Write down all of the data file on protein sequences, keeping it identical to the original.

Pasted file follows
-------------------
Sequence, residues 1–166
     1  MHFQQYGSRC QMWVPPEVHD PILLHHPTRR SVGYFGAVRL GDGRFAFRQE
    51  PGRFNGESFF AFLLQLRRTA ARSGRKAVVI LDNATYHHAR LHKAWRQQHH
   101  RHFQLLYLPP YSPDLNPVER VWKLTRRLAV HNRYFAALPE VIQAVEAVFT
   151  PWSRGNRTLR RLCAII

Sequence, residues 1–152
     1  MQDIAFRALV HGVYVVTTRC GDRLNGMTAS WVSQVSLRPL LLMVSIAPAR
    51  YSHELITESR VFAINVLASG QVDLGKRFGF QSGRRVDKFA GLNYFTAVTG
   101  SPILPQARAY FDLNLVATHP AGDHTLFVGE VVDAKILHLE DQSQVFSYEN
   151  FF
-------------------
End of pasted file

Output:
Sequence, residues 1–166
     1  MHFQQYGSRC QMWVPPEVHD PILLHHPTRR SVGYFGAVRL GDGRFAFRQE
    51  PGRFNGESFF AFLLQLRRTA ARSGRKAVVI LDNATYHHAR LHKAWRQQHH
   101  RHFQLLYLPP YSPDLNPVER VWKLTRRLAV HNRYFAALPE VIQAVEAVFT
   151  PWSRGNRTLR RLCAII

Sequence, residues 1–152
     1  MQDIAFRALV HGVYVVTTRC GDRLNGMTAS WVSQVSLRPL LLMVSIAPAR
    51  YSHELITESR VFAINVLASG QVDLGKRFGF QSGRRVDKFA GLNYFTAVTG
   101  SPILPQARAY FDLNLVATHP AGDHTLFVGE VVDAKILHLE DQSQVFSYEN
   151  FF